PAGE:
Aiming to reduce postoperative pain and still following THOMPSON's(16) concept about hemorrhoids physiopathology, LONGO(8), in 1998, proposed a stapled procedure as a radical alternative for the surgical treatment of prolapsing hemorrhoids. The goal of this new form of operative approach is not to excise hemorrhoids but to replace prolapsed anorectal mucosa in its original anatomical position by means of removing and stapling redundant mucosa and thus decreasing hemorrhoidary vessels load flow. Less postoperative pain is there expected since there is no perianal wound and rectal wall above the dentate line has no somatic endings.
Great enthusiasm followed the procedure's description(1) and many essays(5) comparing it to earlier approaches were published. They showed evidence of effectiveness together with pain reduction and earlier return to work and every day activity. Long term results and complications are not get well established(14), with a number of publications showing prolonged post-operative pain(6), hemorrhoidal prolapse and anal stenosis in the follow-up.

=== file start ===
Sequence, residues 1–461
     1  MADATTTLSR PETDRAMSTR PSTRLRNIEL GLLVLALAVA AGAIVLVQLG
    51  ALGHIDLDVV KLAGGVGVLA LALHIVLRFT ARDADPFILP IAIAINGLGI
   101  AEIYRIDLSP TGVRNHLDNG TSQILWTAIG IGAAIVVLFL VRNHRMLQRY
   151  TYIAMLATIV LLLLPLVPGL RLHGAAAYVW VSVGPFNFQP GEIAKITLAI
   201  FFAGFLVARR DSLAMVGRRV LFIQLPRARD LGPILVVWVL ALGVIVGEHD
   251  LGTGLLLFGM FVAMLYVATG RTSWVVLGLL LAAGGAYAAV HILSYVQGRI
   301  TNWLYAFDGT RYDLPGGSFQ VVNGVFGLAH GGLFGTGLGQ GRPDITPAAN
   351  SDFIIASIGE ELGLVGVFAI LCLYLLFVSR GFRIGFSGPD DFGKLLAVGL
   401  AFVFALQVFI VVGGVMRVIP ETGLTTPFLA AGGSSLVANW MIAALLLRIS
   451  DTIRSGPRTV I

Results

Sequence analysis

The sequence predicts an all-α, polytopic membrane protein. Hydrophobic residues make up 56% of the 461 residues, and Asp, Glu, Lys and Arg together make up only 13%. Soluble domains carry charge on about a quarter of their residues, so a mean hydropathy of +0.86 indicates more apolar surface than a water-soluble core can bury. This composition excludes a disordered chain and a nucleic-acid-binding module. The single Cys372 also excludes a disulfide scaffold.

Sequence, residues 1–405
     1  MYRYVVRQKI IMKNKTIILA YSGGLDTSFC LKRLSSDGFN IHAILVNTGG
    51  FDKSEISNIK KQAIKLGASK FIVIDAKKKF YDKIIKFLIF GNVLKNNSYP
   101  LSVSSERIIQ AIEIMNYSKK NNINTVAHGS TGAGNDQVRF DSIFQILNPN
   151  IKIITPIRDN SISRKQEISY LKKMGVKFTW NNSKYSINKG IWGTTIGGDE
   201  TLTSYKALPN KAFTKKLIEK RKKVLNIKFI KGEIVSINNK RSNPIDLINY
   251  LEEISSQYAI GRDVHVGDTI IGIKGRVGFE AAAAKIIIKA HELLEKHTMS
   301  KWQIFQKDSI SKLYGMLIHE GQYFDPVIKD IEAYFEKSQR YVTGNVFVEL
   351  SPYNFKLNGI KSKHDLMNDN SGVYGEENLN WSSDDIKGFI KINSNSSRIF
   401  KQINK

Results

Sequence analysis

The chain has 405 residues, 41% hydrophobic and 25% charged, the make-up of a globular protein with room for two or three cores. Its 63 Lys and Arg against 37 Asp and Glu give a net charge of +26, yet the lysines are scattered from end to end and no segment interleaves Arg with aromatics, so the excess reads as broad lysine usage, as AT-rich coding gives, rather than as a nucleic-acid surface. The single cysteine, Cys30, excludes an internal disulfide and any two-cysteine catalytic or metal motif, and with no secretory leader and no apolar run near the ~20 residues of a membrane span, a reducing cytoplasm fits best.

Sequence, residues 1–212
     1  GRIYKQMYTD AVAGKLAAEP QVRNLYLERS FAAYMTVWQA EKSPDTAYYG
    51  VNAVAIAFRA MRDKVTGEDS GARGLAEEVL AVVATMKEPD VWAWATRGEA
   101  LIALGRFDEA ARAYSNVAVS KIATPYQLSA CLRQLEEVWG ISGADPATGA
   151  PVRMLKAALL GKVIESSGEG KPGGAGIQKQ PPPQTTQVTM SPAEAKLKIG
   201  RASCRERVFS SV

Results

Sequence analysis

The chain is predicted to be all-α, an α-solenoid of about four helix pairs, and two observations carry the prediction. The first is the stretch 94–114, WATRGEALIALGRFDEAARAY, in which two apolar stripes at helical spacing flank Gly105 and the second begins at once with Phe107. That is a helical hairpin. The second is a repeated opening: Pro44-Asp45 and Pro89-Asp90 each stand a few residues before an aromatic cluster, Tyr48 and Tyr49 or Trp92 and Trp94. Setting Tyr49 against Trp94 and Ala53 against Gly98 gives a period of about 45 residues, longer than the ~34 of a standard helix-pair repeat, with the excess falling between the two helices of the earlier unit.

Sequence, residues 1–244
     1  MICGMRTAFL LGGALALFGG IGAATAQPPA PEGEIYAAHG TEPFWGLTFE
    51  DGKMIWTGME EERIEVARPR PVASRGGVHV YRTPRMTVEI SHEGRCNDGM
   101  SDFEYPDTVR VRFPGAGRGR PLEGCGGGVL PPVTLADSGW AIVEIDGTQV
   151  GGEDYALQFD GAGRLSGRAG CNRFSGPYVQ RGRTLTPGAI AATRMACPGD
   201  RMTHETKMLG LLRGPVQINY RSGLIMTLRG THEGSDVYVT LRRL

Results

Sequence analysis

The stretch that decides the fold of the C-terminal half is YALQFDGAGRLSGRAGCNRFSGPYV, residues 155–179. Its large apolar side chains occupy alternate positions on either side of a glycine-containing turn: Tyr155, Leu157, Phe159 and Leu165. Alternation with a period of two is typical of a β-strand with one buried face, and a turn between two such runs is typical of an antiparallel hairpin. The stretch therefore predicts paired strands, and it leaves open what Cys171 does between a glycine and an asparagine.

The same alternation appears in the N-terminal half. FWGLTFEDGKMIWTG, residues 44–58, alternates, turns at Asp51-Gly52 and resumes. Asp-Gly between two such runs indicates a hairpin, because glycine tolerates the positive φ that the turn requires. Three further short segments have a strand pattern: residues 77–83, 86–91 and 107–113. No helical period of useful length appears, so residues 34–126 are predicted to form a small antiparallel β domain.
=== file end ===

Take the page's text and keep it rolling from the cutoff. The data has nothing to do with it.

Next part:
The present study aims to evaluate immediate results and follow-up of stapled hemorrhoidectomy comparing our results with published data, as far as technical difficulties, postoperative pain, bleeding, continence, complications and patient's satisfactions are concerned.
PATIENTS AND METHODS
The authors operated 100 patients with symptomatic hemorrhoids with grade 3 or 4 of prolapse in the surgical clinic of the "Hospital Universitário", of University of São Paulo (HU-USP) and the "Hospital Sírio Libanês", in São Paulo, SP, Brazil between June, 2000 and June, 2002.
Preoperative evaluation included anamnesis physical and complete proctological examinations (including ano-rectoscopy or rectosigmoidoscopy) as well as routine laboratory tests. Patients presenting anal fissure, fistulas, hemorrhoidal thrombosis, psychiatric disorders and immunosupression conditions were excluded.
Patients were admitted the evening before surgery at the HU-USP due to hospital routine and, on the day of surgery when at the "Hospital Sírio Libanês". In the morning of the surgery a phosphate solution enema was administered preoperatively. At the time of anesthesia, the majority of patients were given 500 mg of metronidazole or, according to surgeons preference, ciprofloxacin intravenously. Surgery was performed under epidural anesthesia in 85 cases and under general anesthesia in 15 cases.